For the past seven years, I’ve been writing articles about food and mood, exploring how different diets and types of foods might create or help mental health problems. Despite a great amount of interest in this topic spawning dozens of popular books from Grain Brain to Eat Complete, the data we had was always limited. The vast majority of studies about food and mental health are observational, meaning some form of asking people what they eat and then tracking mental health variables. These data are limited by different types of bias, food studies being particularly prone to bias, as they are often done with “food frequency questionnaires” or FFQs asking about how many hamburgers or vegetables you eat. Even one of the most validated FFQs in the world, the one used for the Nurses’ Health study, has severe limitations. People who lied more about hamburger intake were healthier than those who didn’t, for example. With observational data, you usually find that healthy people who care about their health and listen to health messaging are healthier. Large observational studies are mostly interesting if they have findings that are opposite what is expected (for example, coffee drinkers, despite smoking more and drinking more alcohol, score higher on several measures of good health).
The real meat of science is in the randomized controlled trial. That means taking two groups of people, putting one through an experiment and one through a control, and seeing if there is a difference in outcomes between the groups. When it comes to mental illness, we did have some data for the use of randomized controlled trials of certain diets and some mood outcomes. All of these studies had depression as one of the measured endpoints, but none of these were in a group of depressed people trying different diets to feel better. The measures of depression were just collected along the way of a trial looking at something else (such as heart disease). In these trials, changing diet to various options (such as Mediterranean or lower cholesterol) didn’t worsen symptoms of depressed mood, but only diet trials that didn’t restrict red meat or weren’t described as “low cholesterol” diets were effective in lowering measures of depression by the end of the study. Another randomized therapy trial for early depression in the elderly used a nutritional instruction arm as the control (thinking that food instruction was neutral and wouldn’t help mental health), finding it equal to a type of community-based psychotherapy in preventing worsening of depression.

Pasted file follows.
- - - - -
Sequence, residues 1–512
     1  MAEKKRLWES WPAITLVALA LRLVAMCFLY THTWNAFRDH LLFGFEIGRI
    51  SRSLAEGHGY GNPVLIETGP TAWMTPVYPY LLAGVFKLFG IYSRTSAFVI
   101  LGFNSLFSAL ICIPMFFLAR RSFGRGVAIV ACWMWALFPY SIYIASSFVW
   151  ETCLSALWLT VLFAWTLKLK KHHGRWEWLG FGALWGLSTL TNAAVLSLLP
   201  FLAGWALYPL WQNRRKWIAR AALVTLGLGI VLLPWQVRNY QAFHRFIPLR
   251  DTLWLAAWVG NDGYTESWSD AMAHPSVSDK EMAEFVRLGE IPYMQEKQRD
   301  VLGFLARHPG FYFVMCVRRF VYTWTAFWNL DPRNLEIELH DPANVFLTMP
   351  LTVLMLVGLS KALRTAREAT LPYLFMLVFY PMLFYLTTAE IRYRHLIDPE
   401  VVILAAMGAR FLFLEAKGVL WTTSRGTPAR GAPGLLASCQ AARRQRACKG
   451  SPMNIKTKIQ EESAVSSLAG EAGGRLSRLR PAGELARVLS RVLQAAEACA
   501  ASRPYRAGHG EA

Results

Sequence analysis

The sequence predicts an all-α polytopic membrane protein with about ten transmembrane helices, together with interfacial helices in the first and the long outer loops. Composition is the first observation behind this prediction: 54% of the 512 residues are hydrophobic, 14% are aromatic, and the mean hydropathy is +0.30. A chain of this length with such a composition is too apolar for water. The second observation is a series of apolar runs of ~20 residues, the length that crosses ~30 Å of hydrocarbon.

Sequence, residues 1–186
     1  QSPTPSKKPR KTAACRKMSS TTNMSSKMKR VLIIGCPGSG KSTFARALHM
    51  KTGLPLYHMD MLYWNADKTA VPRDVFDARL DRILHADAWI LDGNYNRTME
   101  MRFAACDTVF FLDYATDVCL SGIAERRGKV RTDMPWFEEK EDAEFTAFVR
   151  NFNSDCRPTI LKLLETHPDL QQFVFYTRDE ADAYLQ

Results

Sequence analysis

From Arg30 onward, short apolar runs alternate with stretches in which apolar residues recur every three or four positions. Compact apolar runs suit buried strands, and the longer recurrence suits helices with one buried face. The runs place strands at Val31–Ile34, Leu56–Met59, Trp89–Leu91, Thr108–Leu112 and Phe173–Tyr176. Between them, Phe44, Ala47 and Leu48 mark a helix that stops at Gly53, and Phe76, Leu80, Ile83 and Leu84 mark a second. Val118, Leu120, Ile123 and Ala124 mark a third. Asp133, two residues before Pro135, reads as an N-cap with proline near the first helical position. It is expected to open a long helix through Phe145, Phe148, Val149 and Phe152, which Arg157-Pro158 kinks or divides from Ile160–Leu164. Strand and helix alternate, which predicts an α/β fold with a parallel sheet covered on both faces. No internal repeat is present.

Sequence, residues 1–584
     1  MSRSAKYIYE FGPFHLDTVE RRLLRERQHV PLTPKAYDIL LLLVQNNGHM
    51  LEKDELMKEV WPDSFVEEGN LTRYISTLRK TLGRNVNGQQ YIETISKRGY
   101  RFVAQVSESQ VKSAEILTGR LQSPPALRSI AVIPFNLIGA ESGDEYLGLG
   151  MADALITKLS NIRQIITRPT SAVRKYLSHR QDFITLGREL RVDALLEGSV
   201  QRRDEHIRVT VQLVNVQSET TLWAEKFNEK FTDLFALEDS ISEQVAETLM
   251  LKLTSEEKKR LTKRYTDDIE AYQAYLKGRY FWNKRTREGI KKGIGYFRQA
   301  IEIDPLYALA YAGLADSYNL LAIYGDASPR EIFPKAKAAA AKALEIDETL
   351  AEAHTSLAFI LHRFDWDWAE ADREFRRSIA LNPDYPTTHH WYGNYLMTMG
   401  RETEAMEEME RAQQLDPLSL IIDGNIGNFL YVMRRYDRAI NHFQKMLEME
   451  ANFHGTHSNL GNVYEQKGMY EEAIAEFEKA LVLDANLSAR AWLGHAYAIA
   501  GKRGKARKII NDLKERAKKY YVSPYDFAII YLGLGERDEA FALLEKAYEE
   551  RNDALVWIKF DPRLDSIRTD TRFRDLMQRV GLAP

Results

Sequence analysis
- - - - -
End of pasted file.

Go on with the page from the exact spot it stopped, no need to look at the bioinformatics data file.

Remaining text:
This year, finally, we have the SMILES trial, the very first dietary trial to look specifically at a dietary treatment in a depressed population in a mental health setting. Participants met criteria for depression and many were already being treated with standard therapy, meds, or both. The designers of this trial took the preponderance of observational and controlled data we already have for general and mental health and decided to train people using dietary advice, nutritional counseling, and motivational interviewing directed at eating a “modified Mediterranean diet” that combined the Australian Dietary Guidelines and the Dietary Guidelines for Adults in Greece. They recommended eating whole grains, vegetables, fruit, legumes, unsweetened dairy, raw nuts, fish, chicken, eggs, red meat (up to three servings per week), and olive oil. Everyone in the study met criteria for a depressive disorder.